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                      School Class of 1954




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Equinoxes and solstices


A year on Earth can be split into four as we complete our orbit of the Sun. Each of these are marked by an equinox or solstice.

What are the solstices and equinoxes?

The Earth’s axis is tilted by 23.4 degrees and so the plane of the Earth’s equator is tilted with respect to the plane of the Earth’s orbit around the Sun – sometimes referred to as the ecliptic.




image: of the seasonsitok=d0xqk9Rg


This means that during the Northern Hemisphere summer, the Sun illuminates the Northern Hemisphere more than the Southern Hemisphere. During this time we receive more hours of sunlight and the longest day is known as the summer solstice. During the winter, the Sun illuminates the Southern Hemisphere more than the Northern Hemisphere because the North Pole is titled away from the Sun. During this time we receive fewer hours of sunlight and the shortest day (and longest night) is known as the winter solstice.

But at two points in the year the Sun will illuminate the Northern and Southern Hemispheres equally – these are known as the equinoxes: the autumnal equinox in October and vernal equinox in March. It’s the moment in which the plane of Earth's equator passes through the centre of the Sun's disk or the moment that the Sun passes the celestial equator from the Northern to the Southern Hemisphere or vice a versa. On these dates, there are approximately equal hours of daylight and darkness.

The ecliptic: the plane in which the Earth and most of the other planets orbit around the Sun over a year.

The celestial equator: an imaginary projection of the Earth's equator onto the sky.



Image of equinox diagramImage Properties

Creative Commons - Earth lighting equinox

What is the vernal (or Spring) equinox?

The vernal equinox occurs in March, and in the Northern Hemisphere this date marks the end of Winter and beginning of Spring when the days will start getting longer and the nights shorter.

In 2018 it will occur on 20 March at 4.15pm

What is the autumnal equinox?

The autumnal equinox occurs in September, and in the Northern Hemisphere this date marks the end of Summer and beginning of Autumn when the days will start getting shorter and the nights longer. Find out more about the autumnal equinox

In 2018 it will occur on 23 September at 2.54am

When do the equinoxes occur?

The table below shows the dates and times of both the vernal (spring) and autumnal equinoxes:


Vernal equinox

Autumnal equinox

Leap year


20 March, 10.28am

22 September, 8.02pm



20 March, 4.15pm

23 September, 2.54am



20 March, 9.58pm

23 September, 7.50am



20 March, 3.50am

22 September, 1.31pm


All times are UTC (GMT)

What is the winter solstice?

The winter solstice occurs in December and marks midwinter with the shortest day and longest night. Find out more about the winter solstice

In 2018 it will occur on 21 December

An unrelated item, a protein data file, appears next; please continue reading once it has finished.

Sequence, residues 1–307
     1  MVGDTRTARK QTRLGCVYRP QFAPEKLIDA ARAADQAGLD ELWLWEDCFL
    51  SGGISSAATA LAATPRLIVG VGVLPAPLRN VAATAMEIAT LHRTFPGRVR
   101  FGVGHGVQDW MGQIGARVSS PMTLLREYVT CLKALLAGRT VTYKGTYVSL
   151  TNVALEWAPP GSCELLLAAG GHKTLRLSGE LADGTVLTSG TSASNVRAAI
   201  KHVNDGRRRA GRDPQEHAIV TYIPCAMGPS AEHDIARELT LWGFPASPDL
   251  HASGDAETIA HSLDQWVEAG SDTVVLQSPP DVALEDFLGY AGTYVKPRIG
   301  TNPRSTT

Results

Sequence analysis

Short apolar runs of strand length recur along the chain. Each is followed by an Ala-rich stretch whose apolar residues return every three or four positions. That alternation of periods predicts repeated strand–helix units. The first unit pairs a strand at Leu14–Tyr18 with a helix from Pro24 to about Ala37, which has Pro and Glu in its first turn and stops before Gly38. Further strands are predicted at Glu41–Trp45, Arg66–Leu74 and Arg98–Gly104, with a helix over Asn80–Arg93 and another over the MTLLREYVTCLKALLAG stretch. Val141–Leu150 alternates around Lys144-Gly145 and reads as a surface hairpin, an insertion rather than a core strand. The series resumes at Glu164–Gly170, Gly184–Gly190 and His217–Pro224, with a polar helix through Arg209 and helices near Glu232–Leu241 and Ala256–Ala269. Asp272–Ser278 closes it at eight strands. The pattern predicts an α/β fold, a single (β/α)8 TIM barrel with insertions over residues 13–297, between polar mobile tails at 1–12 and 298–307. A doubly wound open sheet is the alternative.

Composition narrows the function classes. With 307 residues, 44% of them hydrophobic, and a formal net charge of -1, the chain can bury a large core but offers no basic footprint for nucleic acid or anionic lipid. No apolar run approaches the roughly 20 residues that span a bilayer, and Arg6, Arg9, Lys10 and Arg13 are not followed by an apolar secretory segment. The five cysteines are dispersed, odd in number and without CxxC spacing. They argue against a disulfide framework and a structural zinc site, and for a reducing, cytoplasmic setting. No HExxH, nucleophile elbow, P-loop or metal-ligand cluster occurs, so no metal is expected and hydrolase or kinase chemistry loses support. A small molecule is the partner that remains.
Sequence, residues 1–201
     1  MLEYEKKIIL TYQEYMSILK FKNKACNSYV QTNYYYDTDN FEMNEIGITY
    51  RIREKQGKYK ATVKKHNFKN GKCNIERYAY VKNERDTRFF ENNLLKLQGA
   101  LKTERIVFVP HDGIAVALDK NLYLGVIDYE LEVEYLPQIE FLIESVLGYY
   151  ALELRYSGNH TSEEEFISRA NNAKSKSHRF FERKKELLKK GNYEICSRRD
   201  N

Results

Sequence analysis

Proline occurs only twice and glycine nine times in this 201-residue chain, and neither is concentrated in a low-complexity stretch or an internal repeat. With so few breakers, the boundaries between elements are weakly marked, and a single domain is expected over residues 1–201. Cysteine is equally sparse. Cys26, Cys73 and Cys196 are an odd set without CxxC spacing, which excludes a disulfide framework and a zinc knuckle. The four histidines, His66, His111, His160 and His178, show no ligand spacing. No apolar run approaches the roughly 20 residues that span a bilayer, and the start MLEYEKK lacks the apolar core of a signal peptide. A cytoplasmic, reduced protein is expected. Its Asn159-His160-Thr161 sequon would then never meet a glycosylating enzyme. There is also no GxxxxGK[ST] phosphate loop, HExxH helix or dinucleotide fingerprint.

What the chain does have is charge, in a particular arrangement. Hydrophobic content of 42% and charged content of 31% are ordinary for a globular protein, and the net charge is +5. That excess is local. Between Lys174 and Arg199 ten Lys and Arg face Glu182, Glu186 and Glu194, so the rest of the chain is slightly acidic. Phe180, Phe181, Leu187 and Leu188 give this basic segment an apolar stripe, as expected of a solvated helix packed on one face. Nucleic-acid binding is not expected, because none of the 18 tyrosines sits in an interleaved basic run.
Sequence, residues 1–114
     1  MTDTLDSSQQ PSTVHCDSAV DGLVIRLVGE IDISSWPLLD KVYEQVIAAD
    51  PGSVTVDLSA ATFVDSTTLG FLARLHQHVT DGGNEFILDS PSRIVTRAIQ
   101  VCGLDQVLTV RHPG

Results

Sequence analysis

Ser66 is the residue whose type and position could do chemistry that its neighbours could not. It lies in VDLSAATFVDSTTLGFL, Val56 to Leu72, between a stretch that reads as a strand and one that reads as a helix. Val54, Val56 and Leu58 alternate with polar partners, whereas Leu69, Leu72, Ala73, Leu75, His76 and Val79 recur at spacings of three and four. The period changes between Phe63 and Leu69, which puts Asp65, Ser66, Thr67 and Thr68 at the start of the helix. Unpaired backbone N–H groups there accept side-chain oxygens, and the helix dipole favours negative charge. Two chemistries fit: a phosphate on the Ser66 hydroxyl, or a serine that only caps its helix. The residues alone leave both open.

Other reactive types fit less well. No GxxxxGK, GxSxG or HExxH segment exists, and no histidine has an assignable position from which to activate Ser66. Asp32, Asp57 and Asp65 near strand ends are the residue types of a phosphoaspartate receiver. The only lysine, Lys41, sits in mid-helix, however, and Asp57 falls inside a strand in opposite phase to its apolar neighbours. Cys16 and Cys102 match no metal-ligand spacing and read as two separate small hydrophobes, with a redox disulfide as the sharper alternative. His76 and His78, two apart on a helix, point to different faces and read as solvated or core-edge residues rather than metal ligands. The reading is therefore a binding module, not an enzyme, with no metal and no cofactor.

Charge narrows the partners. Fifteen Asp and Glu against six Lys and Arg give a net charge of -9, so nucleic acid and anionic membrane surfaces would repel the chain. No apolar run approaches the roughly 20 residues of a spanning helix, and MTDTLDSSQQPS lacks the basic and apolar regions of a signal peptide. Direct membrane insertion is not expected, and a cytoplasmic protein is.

What is the summer solstice?

The summer solstice occurs in June and marks midsummer with the longest day and shortest night.

In 2018 it will occur on 21 June

When do the solstices occur?

The times when the Sun is at its furthest from the celestial equator are called the summer and winter solstices. These occur at midsummer and midwinter.

The world 'solstice' comes from the Latin solstitium meaning 'Sun stands still', because the apparent movement of the Sun's path north or south stops before changing direction.




Leap year


21 June, 4.24am

21 December, 4.28pm



21 June, 10.07am

21 December, 10.23pm



21 June, 3.54pm

22 December, 4.19am



20 June, 9.44pm

21 December, 10.02am


All times are UTC (GMT)

Where does the word 'equinox' come from?

The word equinox comes from the Latin aequinoctium meaning 'equal night'.

Where does the word 'solstice' come from?

The world 'solstice' comes from the Latin solstitium meaning 'Sun stands still' because the apparent movement of the Sun's path north or south stops before changing direction.

Why don't the solstices and equinoxes occur on the same days annually?

The Earth takes approximately 365¼ days to go around the Sun. This is why we have a leap year every four years to add another day to our calendar; and so that there is not a gradual drift of date through the seasons.

For the same reason the precise time of the equinoxes are not the same each year, and generally will occur about six hours later each year, with a jump of a day (backwards) on leap years.

The path of the sun

Kelly Barfoot explains how the solstices inspired her photo, 'Solargraph – Newton’s Apple Tree'. Her image was shortlisted in the Insight Astronomy Photographer of the Year Award 2017

Find out more about the largest international competition of its kind



Image of path of sun with Newton's apple tree

Solargraph – Newton’s Apple Tree (c) Kelly Barfoot | Our Sun, Insight Astronomy Photographer of the Year Award 2017

“This is a solargraph image of Sir Isaac Newton’s apple tree at Woolsthorpe Manor, Lincolnshire, where many of his great discoveries were made.

The aim was to capture the path of the sun each day between the winter and summer solstices. As the photographic exposure of six months was so long, the result was not processed using usual dark room methods, instead it was processed digitally."


 Gary Sleater,  Web Editor